via Extreme Tech
According to a report just published by Symantec, the global volume of spam has dropped by as much as 90% over the past year – from as many as 225 billion messages per day to as few as 25 billion. While part of the drop-off has to do with a shift in focus from spam to other avenues like viral link scams and fake AV, hard work by the forces of good has played a very major role.
The most dramatic change, of course, was the successful takedown of the Rustock botnet by Microsoft and friends in March of 2011. Beginning with its command and control servers, they systematically disassembled the entire operation and its massive zombie network – which numbered upwards of 2 million PCs capable of sending 30 billion emails per day – one piece at a time. It was a monumental victory in the fight against spam, since Rustock was capable of sending more than three times as much email as Cutwail, the second most prodigious network. Rustock was just one of several recent successes, too; the Mega-D botnet, for example, was coldcocked by a swift, coordinated attack on its servers led by the security firm FireEye at the end of 2009.
The fight against spam is about more than just freeing up bandwidth and keeping junk out of our inboxes, though: It’s about making sure that crime doesn’t pay. That’s why the long arm of the law has become increasingly involved, and you only need to look back to June of 2011 for a few prime examples. The FBI was involved in two operations that led to multiple arrests of individuals involved in million-dollar scareware rings, and Microsoft filed charges against alleged Rustock administrators.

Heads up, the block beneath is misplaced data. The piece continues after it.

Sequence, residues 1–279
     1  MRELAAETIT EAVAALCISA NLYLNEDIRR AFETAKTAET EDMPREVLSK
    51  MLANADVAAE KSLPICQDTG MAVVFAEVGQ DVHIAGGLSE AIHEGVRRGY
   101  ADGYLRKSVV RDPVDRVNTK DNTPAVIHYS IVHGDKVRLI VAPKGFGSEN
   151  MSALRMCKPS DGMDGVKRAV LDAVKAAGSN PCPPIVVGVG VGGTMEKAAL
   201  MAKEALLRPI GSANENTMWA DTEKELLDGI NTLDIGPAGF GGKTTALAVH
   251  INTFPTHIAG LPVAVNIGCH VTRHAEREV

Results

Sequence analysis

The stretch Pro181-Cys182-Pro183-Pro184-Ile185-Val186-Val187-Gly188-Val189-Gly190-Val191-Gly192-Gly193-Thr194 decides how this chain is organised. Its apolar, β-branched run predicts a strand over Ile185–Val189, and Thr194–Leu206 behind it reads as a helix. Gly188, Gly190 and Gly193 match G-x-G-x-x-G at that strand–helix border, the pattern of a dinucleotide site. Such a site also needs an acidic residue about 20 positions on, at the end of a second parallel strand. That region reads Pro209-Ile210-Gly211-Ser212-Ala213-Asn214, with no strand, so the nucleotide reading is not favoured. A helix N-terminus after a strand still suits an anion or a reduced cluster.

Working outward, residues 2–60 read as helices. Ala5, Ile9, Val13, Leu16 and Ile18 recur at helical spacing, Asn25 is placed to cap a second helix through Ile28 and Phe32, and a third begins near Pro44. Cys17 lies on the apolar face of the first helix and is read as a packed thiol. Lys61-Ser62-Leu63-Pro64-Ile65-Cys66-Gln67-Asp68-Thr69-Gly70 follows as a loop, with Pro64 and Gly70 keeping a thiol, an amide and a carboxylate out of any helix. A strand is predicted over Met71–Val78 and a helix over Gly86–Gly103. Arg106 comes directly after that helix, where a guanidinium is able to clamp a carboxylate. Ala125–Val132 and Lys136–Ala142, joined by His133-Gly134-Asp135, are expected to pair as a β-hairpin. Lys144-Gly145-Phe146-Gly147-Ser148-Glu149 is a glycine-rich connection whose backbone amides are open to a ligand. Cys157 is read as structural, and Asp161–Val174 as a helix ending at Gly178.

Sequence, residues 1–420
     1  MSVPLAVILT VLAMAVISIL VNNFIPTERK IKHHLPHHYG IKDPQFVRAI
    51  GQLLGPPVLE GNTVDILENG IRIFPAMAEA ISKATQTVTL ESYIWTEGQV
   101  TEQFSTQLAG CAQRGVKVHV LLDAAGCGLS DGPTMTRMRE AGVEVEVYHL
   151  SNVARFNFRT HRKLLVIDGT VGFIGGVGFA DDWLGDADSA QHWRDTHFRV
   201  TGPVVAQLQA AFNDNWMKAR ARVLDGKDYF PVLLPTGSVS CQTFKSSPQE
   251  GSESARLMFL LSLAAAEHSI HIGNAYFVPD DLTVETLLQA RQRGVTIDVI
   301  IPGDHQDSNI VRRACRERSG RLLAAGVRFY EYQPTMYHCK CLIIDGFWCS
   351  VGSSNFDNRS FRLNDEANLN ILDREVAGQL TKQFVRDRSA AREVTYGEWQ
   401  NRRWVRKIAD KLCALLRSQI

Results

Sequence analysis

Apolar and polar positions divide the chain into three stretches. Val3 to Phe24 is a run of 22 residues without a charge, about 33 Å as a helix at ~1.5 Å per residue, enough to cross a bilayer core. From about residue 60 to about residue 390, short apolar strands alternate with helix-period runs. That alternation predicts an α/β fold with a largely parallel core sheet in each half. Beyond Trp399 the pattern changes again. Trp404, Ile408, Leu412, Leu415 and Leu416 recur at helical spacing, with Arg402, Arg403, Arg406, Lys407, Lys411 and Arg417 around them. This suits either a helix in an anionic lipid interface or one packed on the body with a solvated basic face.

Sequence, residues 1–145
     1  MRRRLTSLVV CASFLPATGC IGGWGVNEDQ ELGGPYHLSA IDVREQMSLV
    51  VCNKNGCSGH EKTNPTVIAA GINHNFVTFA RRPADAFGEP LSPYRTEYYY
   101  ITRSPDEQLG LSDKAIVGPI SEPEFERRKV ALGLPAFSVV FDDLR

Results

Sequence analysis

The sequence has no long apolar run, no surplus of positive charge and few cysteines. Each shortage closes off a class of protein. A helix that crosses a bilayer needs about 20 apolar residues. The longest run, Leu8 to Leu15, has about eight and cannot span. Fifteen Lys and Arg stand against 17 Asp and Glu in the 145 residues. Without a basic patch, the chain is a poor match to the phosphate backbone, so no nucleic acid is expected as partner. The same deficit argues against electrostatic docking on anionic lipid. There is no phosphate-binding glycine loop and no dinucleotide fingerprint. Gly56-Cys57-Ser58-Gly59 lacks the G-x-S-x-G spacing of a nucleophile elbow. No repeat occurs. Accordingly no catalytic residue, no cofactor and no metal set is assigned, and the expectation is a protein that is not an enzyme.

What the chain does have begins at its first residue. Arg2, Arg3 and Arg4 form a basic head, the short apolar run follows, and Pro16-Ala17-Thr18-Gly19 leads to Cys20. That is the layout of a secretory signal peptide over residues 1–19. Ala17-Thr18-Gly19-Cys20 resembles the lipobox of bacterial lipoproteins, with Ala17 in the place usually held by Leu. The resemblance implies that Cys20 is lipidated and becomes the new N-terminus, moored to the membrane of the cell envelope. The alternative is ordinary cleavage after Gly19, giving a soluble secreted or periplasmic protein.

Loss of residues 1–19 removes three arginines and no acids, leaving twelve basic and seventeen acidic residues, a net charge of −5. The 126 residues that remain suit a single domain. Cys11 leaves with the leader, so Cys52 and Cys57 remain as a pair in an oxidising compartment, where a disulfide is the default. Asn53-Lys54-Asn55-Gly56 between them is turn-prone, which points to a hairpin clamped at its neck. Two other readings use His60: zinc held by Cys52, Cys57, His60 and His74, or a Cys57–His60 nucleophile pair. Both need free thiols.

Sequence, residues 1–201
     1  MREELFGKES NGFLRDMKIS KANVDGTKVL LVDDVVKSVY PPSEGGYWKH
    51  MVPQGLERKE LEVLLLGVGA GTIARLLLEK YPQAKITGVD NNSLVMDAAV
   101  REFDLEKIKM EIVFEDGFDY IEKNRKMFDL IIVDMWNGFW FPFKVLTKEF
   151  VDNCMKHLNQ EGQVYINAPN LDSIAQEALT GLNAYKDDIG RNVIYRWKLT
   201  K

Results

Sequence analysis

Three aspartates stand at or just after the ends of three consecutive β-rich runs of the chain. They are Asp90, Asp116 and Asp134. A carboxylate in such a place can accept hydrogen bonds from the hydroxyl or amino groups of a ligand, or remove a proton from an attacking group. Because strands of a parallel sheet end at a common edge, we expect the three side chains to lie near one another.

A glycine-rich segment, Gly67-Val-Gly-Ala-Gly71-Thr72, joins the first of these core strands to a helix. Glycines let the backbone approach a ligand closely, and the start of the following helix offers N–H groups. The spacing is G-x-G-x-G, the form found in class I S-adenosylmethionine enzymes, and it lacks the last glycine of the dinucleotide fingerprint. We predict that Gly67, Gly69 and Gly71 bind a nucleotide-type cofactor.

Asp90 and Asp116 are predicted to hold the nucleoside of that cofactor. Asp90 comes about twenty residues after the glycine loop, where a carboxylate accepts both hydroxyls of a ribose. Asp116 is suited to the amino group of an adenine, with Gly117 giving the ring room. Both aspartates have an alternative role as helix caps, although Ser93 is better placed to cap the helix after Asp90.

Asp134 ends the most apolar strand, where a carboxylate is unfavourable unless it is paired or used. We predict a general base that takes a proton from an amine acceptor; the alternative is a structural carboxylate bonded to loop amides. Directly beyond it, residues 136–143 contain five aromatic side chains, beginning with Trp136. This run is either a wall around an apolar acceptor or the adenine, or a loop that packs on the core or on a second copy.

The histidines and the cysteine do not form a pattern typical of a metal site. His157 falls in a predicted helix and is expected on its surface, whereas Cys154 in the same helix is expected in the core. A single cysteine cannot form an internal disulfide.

While that’s welcome news, there’s still one very weak link in the chain. Security expert Brian Krebs feels that it’s the financial mechanisms sustaining the remaining cybercrime networks that need to be addressed. With law enforcement and cybersecurity firms already working together and producing solid results, legitimate banks and payment processors need to take a closer look at suspending payments destined for those profiting from spam and malware. Based on Krebs’ post, simply cutting off the flow of payments to a very small group of unscrupulous payment processors could have a massive impact.
Full article here.